The cancellation of this year's Leaving Certificate has, inevitably, resulted in many unexpected issues.
The calculation of grades by teachers is a daunting task, particularly using data from tests and mocks that were never intended for this purpose.
As a former secondary teacher, I have found myself wondering whether I could have accurately predicted my students' grades.
With a lack of alternatives for the class of 2020, however, I trust in the professionalism of our teachers.
I have confidence in the collaborative review process, and I expect that the national standardisation of grades by the Department of Education and Skills will be done with the highest rigour of statistical analysis available.
We should take this opportunity to consider if our current exams are truly fit for purpose.
One of the reasons people are loath to consider alternatives to our high-stakes system is the image of objectivity and equality it portrays. Unfortunately, the Leaving Certificate may not be as fair as we think.
School size and Deis status affect the likelihood of students taking subjects at higher level and the average overall points achieved.
Grinds have almost become a norm of sixth-year education, but not all students have the opportunity to avail of private tuition.
Students choose their subjects not based on their passions or interests but on their likelihood of achieving in the points race to third level. All is not fair in Leaving Cert learning.
A study by Dr Denise Burns found the majority of Leaving Certificate exams assessed lower-order thinking skills, such as memorisation, as opposed to higher-order skills of analysing or evaluating.
While knowledge of facts is important, at the completion of their compulsory education we should hope our young people can synthesise, apply and even create knowledge. Yet, we don't assess or reward them for these skills.
Taking maths as a particular example, it is an unwelcome truth that girls have been far less likely to achieve A and B (now H1, H2 and H3) grades in the last 10 years than was previously the case.
This is not due to girls having less ability, but may be due to how the tests are written and how boys are more likely to study physics and applied maths and may hence have an advantage with certain elements of the papers.
More research on these issues is required, but we cannot overlook the biases in our present system.
Looking to our European neighbours, not many have a terminal high-stakes exam worth 100pc.
In the Netherlands, tests held over the final years of secondary school are written and corrected by teachers and count for 50pc of their end grade with a final exam.
In Germany, school exams from the final two years count for 70pc of the overall grade with the Abitur (their Leaving Cert equivalent) making up the final 30pc.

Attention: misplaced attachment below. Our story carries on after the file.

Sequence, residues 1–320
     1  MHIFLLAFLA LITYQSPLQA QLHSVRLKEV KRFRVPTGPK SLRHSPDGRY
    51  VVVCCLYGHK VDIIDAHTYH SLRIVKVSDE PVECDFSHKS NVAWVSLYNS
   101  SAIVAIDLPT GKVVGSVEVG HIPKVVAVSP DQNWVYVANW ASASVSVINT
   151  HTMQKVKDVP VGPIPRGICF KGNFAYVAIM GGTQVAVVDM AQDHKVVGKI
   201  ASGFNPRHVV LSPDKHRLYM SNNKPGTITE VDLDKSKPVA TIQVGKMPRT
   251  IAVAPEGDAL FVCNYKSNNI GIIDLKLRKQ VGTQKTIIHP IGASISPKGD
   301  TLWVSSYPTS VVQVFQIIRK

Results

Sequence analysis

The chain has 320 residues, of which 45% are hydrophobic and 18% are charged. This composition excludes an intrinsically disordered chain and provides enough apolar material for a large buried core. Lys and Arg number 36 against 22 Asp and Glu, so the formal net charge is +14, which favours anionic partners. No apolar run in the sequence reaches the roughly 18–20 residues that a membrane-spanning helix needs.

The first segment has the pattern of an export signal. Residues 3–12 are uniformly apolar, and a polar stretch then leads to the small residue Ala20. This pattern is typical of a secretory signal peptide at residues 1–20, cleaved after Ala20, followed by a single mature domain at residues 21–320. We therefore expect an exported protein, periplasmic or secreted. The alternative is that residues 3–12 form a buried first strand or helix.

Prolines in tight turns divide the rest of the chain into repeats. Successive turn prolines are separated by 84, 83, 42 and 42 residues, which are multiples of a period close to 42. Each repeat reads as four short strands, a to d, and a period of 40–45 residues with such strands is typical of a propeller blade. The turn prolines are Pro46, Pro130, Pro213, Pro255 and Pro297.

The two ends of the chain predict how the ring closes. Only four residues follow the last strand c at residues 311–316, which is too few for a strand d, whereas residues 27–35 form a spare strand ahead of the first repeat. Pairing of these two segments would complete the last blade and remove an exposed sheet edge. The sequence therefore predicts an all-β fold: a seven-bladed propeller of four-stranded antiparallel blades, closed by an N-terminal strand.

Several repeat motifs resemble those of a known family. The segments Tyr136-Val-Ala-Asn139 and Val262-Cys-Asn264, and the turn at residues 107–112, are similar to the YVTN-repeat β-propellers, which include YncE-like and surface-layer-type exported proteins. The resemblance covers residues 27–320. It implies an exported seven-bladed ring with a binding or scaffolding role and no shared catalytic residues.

The International Baccalaureate has a main exam worth 80pc with an additional research project worth 20pc.
In this system, however, continuous assessment is incredibly important for students since it is used to predict entry grades for university.
The final exams have been cancelled in many countries, but it has not resulted in chaos or uncertainty.
There are, naturally, concerns about potential biases of teachers correcting their own students' work.
In the UK, many flaws have been pointed out in their predictive grading system where teachers suggest in October how students might do the following summer.
Students from lower socioeconomic backgrounds, black and Traveller children are more likely to be given an underestimation of their grades, with students from Asian backgrounds often awarded an over-estimation.
Fortunately, we have one of the most qualified cohort of teachers in the world, who now graduate at Masters level in order to be certified.
We also have well established and connected professional development services and teacher associations that regularly offer learning opportunities.
Teachers are the primary agents of change in the classroom and our teachers are well-placed to learn to write and assess their students' learning.
Reviews could address instances where teachers may under- or over-calculate their learners' achievements.
A phased introduction of a revised assessment system could be planned, with 10pc of continuous assessment for the sixth years of 2023, 20pc in 2024, and so on.
These continuous grades could also be used for students who are unexpectedly ill or bereaved at exam time.
Education is not about grades; it is about preparing our young people for the challenges they will meet in the world.
We can incorporate other ways of assessing learning that truly reflect what students know and can do that will be fair and demonstrative of their experiences outside of school.
It's time to re-think the Leaving Certificate.
Dr Aoibhinn Ní Shúilleabháin is assistant professor in the UCD School of Mathematics & Statistics and programme director of BSc in Mathematics, Science and Education